Mancala World
Mega Hexano
Inventor: Jeremiah Wittevrongel,
Variant of Volcano
Ranks: Four (hexagonal)
Sowing: Single laps
Region: Canada

Mega Hexano is a variant of Volcano played with 9 stashes on a hexagonal board. It's a lot like Mega Volcano, except that the game ends when someone captures one piece of each color and one complete single-color "tree" (a stack of a small piece on top of a medium piece on top of a large piece).

The game was designed in 2005 by Jeremiah Wittevrongel. He is a software developer and lives in Calgary, Canada. Mega Hexano is still under development.

Note: These rules assume you know how to play Volcano. They probably won't make sense if you don't already understand the rules for the base game.

What You Need


Mega Hexano is a tactical game for two or players. Players take turns moving caps around a playing area filled with volcanoes. This triggers eruptions of colored streams of lava onto the playing field. The object of the game is to score the most points. The game ends when one player captures a collection of icehouse pieces which includes one of every color, and one complete tree of any single color.


Using seven of the stashes, create 35 solid-color "nests" (a stack of a large piece on top of a medium piece on top of a small piece). Create two nests of the eigth color (assumed to be white in these rules). Arrange the 37 nests in a hexagonal layout as shown. Or, arrange them randomly in the same overall shape.

Initial Setup for Mega Hexano

Figure 1: Initial Setup for Mega Hexano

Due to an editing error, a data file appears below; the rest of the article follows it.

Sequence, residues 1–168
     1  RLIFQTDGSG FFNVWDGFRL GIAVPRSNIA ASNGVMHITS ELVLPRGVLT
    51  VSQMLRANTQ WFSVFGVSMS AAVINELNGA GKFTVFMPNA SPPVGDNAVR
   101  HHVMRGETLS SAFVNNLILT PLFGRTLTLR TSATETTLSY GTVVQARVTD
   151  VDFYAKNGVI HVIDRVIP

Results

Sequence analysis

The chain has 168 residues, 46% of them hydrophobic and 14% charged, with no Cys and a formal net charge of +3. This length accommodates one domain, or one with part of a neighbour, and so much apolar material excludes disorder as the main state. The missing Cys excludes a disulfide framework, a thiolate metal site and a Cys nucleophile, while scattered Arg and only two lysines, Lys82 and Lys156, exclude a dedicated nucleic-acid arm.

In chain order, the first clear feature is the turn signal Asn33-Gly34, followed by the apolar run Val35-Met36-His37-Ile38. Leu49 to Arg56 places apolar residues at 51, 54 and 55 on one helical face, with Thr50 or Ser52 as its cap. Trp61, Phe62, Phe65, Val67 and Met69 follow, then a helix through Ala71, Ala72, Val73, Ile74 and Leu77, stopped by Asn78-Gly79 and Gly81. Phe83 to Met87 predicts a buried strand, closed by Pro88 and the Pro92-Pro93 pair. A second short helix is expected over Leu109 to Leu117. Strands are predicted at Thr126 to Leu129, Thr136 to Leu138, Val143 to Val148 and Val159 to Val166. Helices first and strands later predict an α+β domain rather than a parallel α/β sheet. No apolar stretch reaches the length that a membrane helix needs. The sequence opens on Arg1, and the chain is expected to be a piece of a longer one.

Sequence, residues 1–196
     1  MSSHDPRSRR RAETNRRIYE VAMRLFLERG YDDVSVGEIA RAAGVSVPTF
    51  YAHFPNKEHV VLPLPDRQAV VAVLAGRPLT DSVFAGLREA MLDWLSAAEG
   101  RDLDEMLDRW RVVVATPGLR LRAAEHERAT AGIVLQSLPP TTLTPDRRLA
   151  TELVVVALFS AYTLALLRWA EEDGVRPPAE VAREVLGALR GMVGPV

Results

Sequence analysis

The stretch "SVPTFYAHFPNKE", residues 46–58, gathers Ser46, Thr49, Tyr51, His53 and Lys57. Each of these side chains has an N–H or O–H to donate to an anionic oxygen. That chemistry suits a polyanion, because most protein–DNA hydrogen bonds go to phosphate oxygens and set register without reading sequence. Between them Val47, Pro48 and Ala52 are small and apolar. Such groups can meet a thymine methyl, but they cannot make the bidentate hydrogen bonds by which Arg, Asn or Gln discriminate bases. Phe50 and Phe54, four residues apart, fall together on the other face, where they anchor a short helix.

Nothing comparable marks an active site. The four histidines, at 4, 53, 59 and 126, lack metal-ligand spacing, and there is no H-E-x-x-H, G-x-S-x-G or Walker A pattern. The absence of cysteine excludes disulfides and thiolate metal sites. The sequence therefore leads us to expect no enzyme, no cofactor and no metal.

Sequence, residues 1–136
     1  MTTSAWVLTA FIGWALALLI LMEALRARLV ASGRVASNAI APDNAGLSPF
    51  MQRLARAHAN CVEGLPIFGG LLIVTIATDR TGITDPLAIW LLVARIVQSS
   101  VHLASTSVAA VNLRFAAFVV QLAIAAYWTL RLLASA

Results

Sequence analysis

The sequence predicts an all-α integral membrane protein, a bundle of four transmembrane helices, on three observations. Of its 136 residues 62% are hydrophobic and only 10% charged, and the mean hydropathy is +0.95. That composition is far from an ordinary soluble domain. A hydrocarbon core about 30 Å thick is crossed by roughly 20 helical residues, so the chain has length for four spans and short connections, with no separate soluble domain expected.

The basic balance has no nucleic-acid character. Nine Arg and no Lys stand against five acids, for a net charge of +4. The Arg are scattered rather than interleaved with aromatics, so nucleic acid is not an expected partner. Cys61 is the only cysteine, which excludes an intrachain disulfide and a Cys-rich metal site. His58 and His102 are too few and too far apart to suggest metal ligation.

Place the five small pieces of the ninth color (assumed to be black) on top of any five nests. These five pieces are the caps. Put aside the remaining pieces, as they will not be used.


The general mechanics of play are the same as those for Volcano. Please refer to those rules for guidance on how the caps move, how eruptions occur, and when eruptions stop. All of these rules stay the same in Mega Hexano.

The major difference between this game and Volcano in terms of mechanics is the shape of the playing field, and the directions you may move the caps. Caps can be moved to any adjacent volcano or empty space. Given the hexagonal arrangement of the board, this means there are at most 6 possible moves for a given cap (as opposed to 8 in Volcano).

Winning the Game

The game ends when a player captures one piece of each of the seven non-white colors, including at least one complete tree of one of the colors. At this time, all the scores are tallied as described below, and the highest score wins.

Though white pyramids count as 'wild' when scoring as described below, they do not count as wild for fulfilling the requirement of a complete tree of a single color.


Points are awarded primarily for trees. A piece can only be used in one tree for scoring, but players may use their pieces in the most advantageous fashion when calculating their score.

  • Each single-color tree is worth seven points.
  • Each mixed-color tree is worth five points.
  • Every other piece not used up in trees is worth one point.

White pieces can be treated as though they are any other color. In this sense, they're wild, and can help greatly in creating single-color trees for scoring.

External Links

Credits, Copyright, and Licensing

This article is licensed under a Creative Commons License and is copyrighted © 2005 by Jeremiah Wittevrongel